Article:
Public domain media policy
Before you sell any media, such as music, movies, or photos, you're responsible for finding out if the media you're planning to sell contains content that's protected by copyright. If it is, be sure to follow the guidelines in our copyright basics policy.
Any media that are no longer protected by copyright are sometimes described as having entered the public domain. To find out more about public domain media, see the U.S. Copyright Office website.
You can describe the content offered in your eBay listing as having entered the public domain as long as you meet both of these requirements:
You've checked to make sure the content is in fact in the public domain, and
Your listing includes both of the following details:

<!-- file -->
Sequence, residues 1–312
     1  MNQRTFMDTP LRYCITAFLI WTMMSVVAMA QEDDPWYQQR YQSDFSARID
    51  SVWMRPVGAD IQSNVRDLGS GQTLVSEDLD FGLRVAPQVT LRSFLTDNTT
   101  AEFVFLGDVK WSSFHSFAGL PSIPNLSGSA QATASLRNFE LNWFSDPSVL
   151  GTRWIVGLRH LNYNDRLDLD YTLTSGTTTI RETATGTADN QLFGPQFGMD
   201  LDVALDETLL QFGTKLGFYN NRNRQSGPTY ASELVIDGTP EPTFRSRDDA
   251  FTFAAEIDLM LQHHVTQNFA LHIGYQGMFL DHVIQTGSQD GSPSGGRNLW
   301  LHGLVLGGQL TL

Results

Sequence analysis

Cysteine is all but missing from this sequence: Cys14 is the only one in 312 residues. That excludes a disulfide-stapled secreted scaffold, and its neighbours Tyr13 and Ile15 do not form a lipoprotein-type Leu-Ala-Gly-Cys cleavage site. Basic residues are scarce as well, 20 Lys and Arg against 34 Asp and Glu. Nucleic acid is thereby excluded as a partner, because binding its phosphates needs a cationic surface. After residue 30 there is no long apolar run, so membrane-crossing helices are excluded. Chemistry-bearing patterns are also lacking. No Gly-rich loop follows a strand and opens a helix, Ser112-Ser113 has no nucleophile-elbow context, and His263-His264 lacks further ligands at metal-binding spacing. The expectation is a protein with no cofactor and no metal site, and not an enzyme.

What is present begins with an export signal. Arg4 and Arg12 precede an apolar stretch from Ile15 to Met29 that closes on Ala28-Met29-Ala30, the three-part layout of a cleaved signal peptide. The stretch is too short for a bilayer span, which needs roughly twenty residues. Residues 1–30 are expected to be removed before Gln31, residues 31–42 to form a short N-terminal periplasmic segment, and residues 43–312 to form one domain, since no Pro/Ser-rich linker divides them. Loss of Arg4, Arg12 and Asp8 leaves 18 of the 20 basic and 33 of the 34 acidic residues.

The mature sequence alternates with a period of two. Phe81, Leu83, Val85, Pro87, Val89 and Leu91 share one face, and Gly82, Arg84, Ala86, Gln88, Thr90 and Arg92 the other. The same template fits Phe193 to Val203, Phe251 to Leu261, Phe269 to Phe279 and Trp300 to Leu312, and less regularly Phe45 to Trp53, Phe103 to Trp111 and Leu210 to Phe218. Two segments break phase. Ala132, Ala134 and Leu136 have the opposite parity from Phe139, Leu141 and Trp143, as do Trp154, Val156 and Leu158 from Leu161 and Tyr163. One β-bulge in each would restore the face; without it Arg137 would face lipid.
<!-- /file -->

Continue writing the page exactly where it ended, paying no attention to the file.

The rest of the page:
- The date (day, month, and year) the media was first created or released
- The date (day, month, and year) it became part of the public domain
However, we don't allow sellers to describe content as having entered into the public domain if the content was created or released in 1972 or later.
Make sure your listing follows these guidelines. If it doesn't, it may be removed, and you may be subject to a range of other actions, including limits of your buying and selling privileges and suspension of your account.
If you see listings that offer unauthorized copies of media, please report it to us.
Why does eBay have this policy?
Selling copyrighted items without authorization from the owner, its agent, or the law is illegal and violates eBay's policies. Our goal is to help protect buyers from purchasing unauthorized, copyrighted items, as well as to help intellectual property rights owners protect their rights. If you're not sure about the legality of your item, you shouldn't sell it on eBay. Be sure to follow all laws and regulations before listing your items.